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Wales’ national emblem – the Welsh leek – secures special protected status

29 Nov 2022 3 minute read
Rural Affairs Minister Lesley Griffiths is pictured with Matthew Thomas of Puffin Produce.

Wales’ national vegetable and emblem, the Welsh Leek, is now officially protected as it gains PGI (Protected Geographical Indication) UK GI status.

It becomes the third new Welsh product to achieve the UK Geographical Indication status, following on from Gower Salt Marsh Lamb and Cambrian Mountains Lamb.

Welsh Leeks also becomes the 19th member of the Welsh GI family of products, joining the likes of other great produce such as Anglesey Sea Salt, Welsh Lamb, Welsh Beef and Pembrokeshire Earlies. 

The UK GI scheme was established at the beginning of 2021, following the UK’s withdrawal from the EU, and ensures certain food and drink products can continue to receive legal protection against imitation and misuse.

From now on, Welsh Leeks sold with the UK GI logo will promote the heritage and culture of Wales and provide the product and consumers with certification of quality and uniqueness.

The application for Welsh Leeks PGI status was led by Pembrokeshire’s Puffin Produce, who already have Pembrokeshire Earlies PGI under their belt.

Huw Thomas, CEO, Puffin Produce, said: “The leek is an iconic emblem of Wales – we are incredibly proud to be able to grow Welsh Leeks and the GI status is hugely important to promote the quality and heritage behind this majestic crop.”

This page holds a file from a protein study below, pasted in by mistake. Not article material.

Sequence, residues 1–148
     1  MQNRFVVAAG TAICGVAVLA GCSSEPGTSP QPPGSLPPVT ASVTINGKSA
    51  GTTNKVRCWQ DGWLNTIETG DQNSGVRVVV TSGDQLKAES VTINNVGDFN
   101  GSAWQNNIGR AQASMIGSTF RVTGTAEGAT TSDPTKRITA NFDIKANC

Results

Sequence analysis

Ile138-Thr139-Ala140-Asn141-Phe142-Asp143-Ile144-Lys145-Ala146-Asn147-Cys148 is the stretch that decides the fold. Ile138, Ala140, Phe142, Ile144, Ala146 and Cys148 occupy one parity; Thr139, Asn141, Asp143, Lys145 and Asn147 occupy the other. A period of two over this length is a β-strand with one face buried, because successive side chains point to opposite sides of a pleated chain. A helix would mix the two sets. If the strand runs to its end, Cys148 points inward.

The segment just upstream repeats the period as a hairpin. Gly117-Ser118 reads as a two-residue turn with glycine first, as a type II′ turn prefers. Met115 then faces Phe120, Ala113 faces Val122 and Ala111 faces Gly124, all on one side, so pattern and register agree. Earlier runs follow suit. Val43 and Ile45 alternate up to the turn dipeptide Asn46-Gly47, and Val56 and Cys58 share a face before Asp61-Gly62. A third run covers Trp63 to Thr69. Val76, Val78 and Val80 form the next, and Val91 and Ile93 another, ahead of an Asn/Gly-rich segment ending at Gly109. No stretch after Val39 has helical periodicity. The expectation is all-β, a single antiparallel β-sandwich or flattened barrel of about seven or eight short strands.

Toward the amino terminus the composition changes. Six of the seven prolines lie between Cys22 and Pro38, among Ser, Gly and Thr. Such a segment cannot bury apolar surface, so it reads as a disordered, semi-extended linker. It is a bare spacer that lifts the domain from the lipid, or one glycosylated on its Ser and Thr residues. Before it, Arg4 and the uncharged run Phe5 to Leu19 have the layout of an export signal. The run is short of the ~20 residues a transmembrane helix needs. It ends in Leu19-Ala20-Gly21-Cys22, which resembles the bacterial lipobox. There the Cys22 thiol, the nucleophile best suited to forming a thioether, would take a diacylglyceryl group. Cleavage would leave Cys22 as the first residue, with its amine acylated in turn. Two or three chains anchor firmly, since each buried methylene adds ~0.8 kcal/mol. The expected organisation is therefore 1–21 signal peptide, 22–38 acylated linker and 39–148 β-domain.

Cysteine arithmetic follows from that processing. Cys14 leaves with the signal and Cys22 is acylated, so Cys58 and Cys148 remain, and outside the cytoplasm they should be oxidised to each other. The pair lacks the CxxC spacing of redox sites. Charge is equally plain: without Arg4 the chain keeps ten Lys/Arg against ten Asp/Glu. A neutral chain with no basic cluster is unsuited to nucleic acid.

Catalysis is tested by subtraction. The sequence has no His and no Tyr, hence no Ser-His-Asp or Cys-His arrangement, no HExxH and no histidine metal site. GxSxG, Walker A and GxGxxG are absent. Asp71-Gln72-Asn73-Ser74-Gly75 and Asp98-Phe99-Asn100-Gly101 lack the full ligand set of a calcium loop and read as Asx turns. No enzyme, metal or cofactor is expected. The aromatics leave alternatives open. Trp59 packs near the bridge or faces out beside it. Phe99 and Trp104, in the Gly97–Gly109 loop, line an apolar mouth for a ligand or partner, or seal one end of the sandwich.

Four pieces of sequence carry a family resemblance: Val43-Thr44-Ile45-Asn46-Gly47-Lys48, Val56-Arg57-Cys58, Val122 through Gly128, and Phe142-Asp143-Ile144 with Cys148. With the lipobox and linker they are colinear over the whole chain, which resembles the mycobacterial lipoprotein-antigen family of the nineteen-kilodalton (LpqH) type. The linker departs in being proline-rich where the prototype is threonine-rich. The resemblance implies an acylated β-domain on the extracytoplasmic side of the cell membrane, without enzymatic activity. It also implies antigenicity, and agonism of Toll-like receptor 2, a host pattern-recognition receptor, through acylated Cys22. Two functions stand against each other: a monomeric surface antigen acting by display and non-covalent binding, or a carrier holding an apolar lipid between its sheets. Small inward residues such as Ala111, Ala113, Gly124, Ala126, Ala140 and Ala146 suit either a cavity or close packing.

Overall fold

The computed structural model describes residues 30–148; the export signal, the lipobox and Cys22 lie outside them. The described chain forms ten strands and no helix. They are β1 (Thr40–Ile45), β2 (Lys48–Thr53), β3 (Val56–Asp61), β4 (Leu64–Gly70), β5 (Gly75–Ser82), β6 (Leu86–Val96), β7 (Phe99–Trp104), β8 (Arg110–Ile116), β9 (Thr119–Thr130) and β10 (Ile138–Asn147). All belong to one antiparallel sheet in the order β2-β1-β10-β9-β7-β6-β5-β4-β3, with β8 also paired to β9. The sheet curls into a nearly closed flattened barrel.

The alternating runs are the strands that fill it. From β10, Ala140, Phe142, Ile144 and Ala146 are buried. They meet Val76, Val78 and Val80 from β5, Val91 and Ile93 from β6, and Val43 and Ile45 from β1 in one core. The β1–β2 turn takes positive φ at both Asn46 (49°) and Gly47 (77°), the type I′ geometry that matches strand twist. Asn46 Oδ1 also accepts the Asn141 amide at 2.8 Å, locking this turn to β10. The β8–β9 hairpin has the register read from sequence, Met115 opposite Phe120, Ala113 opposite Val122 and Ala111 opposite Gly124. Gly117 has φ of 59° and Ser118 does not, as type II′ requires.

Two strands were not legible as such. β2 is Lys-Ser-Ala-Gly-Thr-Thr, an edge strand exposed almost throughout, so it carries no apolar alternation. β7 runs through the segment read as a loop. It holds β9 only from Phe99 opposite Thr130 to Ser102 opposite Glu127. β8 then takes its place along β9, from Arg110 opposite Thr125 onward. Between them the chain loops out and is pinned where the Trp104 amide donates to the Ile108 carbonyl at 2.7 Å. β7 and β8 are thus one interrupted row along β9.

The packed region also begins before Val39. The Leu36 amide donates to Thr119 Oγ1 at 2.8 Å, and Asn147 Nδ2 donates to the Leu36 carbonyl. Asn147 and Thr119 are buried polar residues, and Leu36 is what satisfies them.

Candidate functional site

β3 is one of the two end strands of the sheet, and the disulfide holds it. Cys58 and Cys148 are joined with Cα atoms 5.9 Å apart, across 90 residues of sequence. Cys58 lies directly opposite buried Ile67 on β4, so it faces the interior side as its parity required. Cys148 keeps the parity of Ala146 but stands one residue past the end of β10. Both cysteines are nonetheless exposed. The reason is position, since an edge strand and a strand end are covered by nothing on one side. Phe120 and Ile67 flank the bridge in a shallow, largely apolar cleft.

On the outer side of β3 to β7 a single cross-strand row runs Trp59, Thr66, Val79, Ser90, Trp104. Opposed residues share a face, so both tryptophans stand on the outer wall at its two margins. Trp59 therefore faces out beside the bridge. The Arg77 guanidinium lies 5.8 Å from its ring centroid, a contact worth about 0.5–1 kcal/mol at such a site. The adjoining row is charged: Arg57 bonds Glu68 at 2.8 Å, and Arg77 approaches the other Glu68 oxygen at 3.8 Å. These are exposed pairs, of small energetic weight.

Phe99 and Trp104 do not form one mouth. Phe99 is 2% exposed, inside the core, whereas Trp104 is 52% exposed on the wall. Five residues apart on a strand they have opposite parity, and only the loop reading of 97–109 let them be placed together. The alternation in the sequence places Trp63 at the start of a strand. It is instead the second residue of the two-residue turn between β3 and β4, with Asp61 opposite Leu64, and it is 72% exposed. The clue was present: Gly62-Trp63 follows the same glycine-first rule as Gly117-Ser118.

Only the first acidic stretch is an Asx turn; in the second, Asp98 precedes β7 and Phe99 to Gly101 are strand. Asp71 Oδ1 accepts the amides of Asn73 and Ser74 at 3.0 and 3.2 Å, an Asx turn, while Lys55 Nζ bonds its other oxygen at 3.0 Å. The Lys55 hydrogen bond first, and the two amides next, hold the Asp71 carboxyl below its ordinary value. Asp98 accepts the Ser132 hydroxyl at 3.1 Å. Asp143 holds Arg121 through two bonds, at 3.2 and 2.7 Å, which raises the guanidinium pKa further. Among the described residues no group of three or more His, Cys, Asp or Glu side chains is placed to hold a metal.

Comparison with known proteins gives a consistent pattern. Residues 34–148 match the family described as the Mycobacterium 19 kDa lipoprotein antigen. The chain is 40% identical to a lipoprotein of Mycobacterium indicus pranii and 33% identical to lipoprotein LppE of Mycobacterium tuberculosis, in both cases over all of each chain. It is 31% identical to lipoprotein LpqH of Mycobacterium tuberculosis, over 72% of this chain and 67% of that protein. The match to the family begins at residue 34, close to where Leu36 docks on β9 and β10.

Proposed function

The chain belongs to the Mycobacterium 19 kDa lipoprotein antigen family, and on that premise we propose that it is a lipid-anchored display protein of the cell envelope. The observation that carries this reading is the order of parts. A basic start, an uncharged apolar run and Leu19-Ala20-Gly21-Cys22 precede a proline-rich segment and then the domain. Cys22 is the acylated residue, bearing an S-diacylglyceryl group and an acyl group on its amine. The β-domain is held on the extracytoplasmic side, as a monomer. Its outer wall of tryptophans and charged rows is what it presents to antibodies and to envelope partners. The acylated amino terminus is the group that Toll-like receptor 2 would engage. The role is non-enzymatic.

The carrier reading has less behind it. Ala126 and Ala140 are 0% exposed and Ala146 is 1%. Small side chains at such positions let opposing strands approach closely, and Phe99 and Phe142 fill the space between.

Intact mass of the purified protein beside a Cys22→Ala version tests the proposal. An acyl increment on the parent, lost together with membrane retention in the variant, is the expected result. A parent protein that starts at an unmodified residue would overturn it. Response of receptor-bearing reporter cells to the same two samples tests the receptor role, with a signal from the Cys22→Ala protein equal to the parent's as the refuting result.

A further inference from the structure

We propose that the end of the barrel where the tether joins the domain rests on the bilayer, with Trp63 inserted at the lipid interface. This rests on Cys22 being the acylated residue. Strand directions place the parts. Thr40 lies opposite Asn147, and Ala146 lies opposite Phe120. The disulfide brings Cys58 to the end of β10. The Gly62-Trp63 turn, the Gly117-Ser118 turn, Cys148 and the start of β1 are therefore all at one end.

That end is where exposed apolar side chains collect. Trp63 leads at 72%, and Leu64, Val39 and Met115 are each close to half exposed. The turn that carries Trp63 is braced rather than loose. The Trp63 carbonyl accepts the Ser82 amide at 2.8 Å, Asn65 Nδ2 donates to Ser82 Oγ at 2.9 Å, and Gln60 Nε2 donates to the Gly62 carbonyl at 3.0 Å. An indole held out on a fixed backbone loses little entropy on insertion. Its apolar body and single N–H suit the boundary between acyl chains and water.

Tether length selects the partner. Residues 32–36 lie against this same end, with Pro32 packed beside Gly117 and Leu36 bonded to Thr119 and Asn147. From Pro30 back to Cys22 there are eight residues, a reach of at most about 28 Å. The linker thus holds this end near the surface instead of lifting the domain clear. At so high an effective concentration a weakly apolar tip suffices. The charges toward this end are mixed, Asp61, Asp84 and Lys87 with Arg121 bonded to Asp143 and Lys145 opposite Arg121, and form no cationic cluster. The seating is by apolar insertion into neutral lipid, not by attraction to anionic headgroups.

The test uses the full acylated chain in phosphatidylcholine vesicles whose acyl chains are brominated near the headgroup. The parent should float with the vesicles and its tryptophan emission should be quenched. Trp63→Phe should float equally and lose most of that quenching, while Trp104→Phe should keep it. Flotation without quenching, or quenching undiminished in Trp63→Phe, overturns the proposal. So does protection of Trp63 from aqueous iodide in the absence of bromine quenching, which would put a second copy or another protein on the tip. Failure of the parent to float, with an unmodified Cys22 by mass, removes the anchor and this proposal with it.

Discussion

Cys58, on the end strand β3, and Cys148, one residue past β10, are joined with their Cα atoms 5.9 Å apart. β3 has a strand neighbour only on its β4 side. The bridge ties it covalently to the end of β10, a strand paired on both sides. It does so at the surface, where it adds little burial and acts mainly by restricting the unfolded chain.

Minister for Rural Affairs Lesley Griffiths said: “This is great news today and I congratulate all those involved in gaining this prestigious award for Welsh Leeks.  Leeks are a historic symbol of Wales, known across the world, and I’m very pleased to see this product gain the recognition and prestige it deserves.”

Hybrid

Welsh Leeks are grown and harvested in Wales and are a product of several hybrid varieties, rather than one specific variety.

The hybrid varieties used to produce ‘Welsh Leeks’ are those most suited to Welsh growing conditions. They produce a final product which has its own specific characteristics, such as the predominant long distinctive dark green flag which comprises over 40% of the overall length of the leek.

‘Welsh Leeks’ are normally planted from late February through to May and harvested from August through until April/May, with some crops remaining in the ground for up to 12 months. 

The leeks can be left in the ground without affecting their quality, leading to slower maturation providing more time for the peppery flavour and buttery aroma to fully develop.

The leek is the national emblem of Wales. According to legend the patron saint of Wales, Saint David, ordered his Welsh soldiers to identify themselves by wearing the leek on their helmets in an ancient battle against the Saxons that took place in a leek field.

Wales’ other national symbol, the daffodil, is believed by some be a mix up related to the Welsh name for leek – ‘cenhinen’ – and the Welsh name for daffodil – ‘cenhinen Bedr’. More likely, it’s because the flower appears in time for Wales’ national day on 1 March.


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Y Tywysog Lloegr a Moscow
Y Tywysog Lloegr a Moscow
2 months ago

Er … thanks?
Not sure I understand the importance of this as it pertains to a leek. I’d be glad to be educated about it. I’m none the wiser following the article.

Gareth
Gareth
2 months ago

It basically means that growers in Scotland and England can not claim their products as “Welsh leeks”. Outside of Cymru Scotland and England, the UK GI staus means nothing, not even in N Ireland, as they still use the EU GI status.

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